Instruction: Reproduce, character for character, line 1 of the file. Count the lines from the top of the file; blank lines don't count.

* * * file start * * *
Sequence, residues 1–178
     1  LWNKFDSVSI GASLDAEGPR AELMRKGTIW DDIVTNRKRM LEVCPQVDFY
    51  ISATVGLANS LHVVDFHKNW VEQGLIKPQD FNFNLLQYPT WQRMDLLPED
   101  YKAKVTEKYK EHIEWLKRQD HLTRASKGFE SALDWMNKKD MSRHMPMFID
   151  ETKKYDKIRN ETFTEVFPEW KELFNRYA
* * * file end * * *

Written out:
Sequence, residues 1–178